SHE Level 5
SCQF Credit Points 10.00
ECTS Credit Points 5.00
Module Code MMH624497
Module Leader Peter Wallace
School School of Computing, Engineering and Built Environment
Subject Instrumentation and Control
  • A (September start)

Pre-Requisite Knowledge

Entry requirements of the MSc in Oil & Gas Innovation

Summary of Content

This module maps on to the content of Strathclyde University's Module Z1944 'Business Essentials For Innovators', which is a core element of the pan Scotland MSc Oil & Gas Innovation sponsored by OGIC and lead by the University of Aberdeen. This module has been created to capture the details of the credit obtained by GCU registered students on this programme. The students will attend the Strathclyde module and will be subject Strathclyde's disciplinary, appeals and assessment procedures for the purposes of the completion of that module. The final module maek will be recorded by the GCU assessment board against this Module. The information contained in this module descriptor has been captured from the equivalent Strathclyde University Document. The aim of this class is to enable students to experience an entrepreneurial perspective on leading and managing innovative green field or corporate ventures. In addition to the distinct intellectual approach to entrepreneurial management and leadership, the class aims to transmit an understanding of cash flow management, viable financial structures, and access financial and human resources.


Session 1 Day 1 am Introduction. Key concepts: Entrepreneurial versus Administrative Management. Entrepreneurial Leadership. Managing risk in uncertain environments: Real Options theory. Session 2 Day 1 pm Key concepts in Entrepreneurial Finance. Staged financing, Bootstrapping, Investment readiness, deal structure Exit readiness etc. Current trends in entrepreneurial finance. Managing Advisors. Session 3 Day 2 am How financial transactions are recorded, summarised and presented. Session 4 Day 2 pm Financial forecasting for new ventures Bootstrapping. Managing cash flow in young ventures. Session 5 Day 3 am Raising equity, debt and grant finance. Session 6 Day 3 pm How to hire the best people.

Learning Outcomes

On successful completion of this module a student should be able to:1 Understand entrepreneurial management and leadership2 Understand entrepreneurial capital and how to leverage it3 Know how to access appropriate human capital for innovative ventures4 Know how to access appropriate financial capital for innovative ventures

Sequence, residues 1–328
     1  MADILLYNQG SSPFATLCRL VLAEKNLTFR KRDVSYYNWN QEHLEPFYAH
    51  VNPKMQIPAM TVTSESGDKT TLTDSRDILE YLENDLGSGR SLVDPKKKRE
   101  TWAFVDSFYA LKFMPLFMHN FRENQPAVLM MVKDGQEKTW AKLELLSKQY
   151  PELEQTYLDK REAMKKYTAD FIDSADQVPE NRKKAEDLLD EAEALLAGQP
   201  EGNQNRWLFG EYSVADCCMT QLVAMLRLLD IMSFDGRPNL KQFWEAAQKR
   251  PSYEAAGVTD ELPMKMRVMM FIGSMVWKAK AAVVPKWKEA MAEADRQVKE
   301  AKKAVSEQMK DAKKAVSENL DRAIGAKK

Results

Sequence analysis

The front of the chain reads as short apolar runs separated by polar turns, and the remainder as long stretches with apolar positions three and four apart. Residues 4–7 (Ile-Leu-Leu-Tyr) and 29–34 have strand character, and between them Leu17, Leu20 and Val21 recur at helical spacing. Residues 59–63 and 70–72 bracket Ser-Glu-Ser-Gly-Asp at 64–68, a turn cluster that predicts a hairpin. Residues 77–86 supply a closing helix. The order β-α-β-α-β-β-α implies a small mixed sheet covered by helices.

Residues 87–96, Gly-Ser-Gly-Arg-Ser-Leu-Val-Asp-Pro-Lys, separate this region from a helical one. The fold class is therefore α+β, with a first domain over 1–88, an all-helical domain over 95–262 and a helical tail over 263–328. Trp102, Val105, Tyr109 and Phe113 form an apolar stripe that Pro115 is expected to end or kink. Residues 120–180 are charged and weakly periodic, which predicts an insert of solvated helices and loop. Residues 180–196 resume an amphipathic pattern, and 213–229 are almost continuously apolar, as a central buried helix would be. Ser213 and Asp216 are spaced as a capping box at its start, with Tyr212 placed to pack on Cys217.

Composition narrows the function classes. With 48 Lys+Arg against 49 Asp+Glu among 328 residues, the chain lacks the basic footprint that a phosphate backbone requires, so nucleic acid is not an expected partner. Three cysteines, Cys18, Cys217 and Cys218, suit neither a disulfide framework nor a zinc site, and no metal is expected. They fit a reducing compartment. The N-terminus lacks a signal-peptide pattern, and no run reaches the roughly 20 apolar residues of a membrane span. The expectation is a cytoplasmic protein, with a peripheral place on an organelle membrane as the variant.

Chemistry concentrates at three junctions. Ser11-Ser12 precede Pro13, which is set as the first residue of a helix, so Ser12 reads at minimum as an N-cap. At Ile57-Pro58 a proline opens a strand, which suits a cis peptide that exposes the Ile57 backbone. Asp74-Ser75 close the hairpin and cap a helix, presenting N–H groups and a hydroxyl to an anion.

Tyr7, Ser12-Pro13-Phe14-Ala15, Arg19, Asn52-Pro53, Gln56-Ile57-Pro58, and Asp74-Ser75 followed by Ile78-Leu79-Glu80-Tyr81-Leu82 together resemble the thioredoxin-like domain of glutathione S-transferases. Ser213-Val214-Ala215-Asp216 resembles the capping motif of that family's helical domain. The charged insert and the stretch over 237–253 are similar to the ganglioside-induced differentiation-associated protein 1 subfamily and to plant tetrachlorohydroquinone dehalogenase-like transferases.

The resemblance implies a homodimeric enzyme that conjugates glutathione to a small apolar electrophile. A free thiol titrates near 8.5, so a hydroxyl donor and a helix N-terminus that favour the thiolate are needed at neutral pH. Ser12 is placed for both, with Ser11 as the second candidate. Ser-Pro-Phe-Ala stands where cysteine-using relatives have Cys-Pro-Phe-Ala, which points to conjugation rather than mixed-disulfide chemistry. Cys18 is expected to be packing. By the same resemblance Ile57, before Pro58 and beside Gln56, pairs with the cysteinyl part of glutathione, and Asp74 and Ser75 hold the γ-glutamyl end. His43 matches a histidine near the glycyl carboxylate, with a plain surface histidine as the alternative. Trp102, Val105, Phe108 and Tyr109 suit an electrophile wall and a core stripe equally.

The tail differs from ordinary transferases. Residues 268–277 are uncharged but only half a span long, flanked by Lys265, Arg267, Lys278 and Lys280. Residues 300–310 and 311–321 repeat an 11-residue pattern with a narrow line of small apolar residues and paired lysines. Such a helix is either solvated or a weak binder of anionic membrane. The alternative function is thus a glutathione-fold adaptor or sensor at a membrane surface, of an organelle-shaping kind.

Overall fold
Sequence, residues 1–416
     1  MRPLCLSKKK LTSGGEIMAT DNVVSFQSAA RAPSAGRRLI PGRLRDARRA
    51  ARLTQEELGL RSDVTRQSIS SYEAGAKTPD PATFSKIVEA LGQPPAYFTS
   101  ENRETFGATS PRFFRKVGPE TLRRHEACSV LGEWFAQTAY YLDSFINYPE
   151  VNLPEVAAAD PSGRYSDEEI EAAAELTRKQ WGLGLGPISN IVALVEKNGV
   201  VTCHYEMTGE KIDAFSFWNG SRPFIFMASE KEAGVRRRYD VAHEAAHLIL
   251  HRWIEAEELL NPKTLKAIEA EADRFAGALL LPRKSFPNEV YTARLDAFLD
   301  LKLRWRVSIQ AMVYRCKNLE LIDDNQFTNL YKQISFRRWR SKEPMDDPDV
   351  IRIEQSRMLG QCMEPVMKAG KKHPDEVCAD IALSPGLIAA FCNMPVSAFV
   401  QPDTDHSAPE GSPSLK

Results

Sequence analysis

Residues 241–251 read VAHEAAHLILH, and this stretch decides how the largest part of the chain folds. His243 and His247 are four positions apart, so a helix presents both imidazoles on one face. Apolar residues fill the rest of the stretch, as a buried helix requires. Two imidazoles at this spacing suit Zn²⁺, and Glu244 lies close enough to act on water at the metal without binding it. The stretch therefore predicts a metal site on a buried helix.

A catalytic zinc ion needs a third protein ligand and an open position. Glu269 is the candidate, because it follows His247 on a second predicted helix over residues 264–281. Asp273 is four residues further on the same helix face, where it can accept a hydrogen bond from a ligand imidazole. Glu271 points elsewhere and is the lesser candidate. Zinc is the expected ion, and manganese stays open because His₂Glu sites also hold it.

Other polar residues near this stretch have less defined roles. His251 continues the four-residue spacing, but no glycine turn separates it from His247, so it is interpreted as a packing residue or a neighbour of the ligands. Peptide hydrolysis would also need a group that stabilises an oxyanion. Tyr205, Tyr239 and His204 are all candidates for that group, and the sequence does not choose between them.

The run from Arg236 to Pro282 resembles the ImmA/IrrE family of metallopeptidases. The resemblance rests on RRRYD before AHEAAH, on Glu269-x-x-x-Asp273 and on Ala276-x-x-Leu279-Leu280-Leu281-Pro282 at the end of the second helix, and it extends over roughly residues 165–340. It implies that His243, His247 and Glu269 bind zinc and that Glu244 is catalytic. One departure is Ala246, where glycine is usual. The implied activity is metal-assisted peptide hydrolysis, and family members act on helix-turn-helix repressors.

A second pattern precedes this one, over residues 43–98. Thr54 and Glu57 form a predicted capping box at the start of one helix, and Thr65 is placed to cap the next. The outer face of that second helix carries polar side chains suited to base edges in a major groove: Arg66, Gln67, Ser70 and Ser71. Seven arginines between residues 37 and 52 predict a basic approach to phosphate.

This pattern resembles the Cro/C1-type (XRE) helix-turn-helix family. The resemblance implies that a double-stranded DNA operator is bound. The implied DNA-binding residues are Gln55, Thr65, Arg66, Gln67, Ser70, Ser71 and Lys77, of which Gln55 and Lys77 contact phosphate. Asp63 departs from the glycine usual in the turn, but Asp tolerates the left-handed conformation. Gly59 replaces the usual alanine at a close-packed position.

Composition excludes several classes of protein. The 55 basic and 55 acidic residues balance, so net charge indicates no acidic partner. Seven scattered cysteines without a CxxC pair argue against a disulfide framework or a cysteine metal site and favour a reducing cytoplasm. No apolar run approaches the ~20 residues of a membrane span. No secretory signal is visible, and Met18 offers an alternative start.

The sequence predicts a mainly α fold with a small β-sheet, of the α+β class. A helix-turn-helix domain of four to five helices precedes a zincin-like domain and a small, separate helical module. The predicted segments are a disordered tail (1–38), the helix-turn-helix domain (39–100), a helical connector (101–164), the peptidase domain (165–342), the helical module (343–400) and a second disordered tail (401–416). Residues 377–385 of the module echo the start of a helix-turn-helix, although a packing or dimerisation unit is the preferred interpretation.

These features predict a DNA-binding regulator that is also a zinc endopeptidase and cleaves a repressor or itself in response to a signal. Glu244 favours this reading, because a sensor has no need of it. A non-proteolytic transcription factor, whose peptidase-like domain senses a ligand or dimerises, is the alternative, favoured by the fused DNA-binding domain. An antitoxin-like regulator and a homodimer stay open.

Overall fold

Teaching / Learning Strategy

The 10 class-based interactive lectures (which will include some guest speakers)will develop understanding of entrepreneurial versus administrative management, entrepreneurial leadership, financial forecasting, management and valuation and recruitment best practices for innovative independent or corporate ventures, based on latest research findings and industry expert inputs. The following theoretical concepts and analytical tools will be covered: Entrepreneurial versus administrative management Entrepreneurial leadership Accessing appropriate human capital The role of human, social and symbolic capital inleveraging financial capital Building credible financial models of a new venture and cash flow management What different funders look for Structuring appropriate funding deals for new ventures Valuation Exit options computer lab sessions will be held to embed financial forecasting skills. A suite of new business scenarios have been created and students will be required to draw up pro-forma financial statements based on information provided. The level of complexity will be increased in the second practical, and students will get hands-on use of a complex excel tool. It is anticipated private study for the class lectures will be approximately 30 hours (3 hours per 1.5 hour lecture). This will include preparation of case study material provided in advance and readings, including journal articles and web-based material. The remainder of the homework time will be used to prepare for the two class tests, which requires proficiency in financial forecasting and a knowledge of topics covered in class (20 hours), prepare the detailed case analysis (20 hours) and in topical directed reading (9 hours).

Indicative Reading

Stevenson, H.H., and Gumpert, D.E. 1985. The heart of entrepreneurship. Harvard Business Review, 63(2): 85-94 Wolcott, R.C., & Lippitz, M.J. 2007, The four models of corporate entrepreneurship, MIT Sloan Management Review, 49(1): 75-82. Anthony, S. (2012) The New Corporate Garage, Harvard Business Review, 90 (9) September 2012: 45-53 Sawhney, et al. 2006. The 12 different ways for companies to innovate, MIT Sloan Management Review, 47(3): 75-81. Verganti, R (2011) Designing Breakthrough Products, Harvard Business Review, October 2011, 114-120

Transferrable Skills

-360b7 Assessing the competencies of others b7 Financial literacy and numeracy b7 Advanced computer spreadsheet manipulation Analysis of complex business situations and decision-making under uncertainty

Module Structure

Activity Total Hours
Lectures (FT) 15.00
Assessment (FT) 15.00
Independent Learning (FT) 64.00
Practicals (FT) 6.00

Assessment Methods

Component Duration Weighting Threshold Description
Coursework 1.50 50.00 45% Class Test - True/False and multiple choice questions
Coursework 0.00 50.00 45% Case study - An individual case study analysis and recommendations must be handed in one week after the last day of class. This will be a detailed case, requiring use of entreprenurial leadership and management, human resource management and financial analysis skills.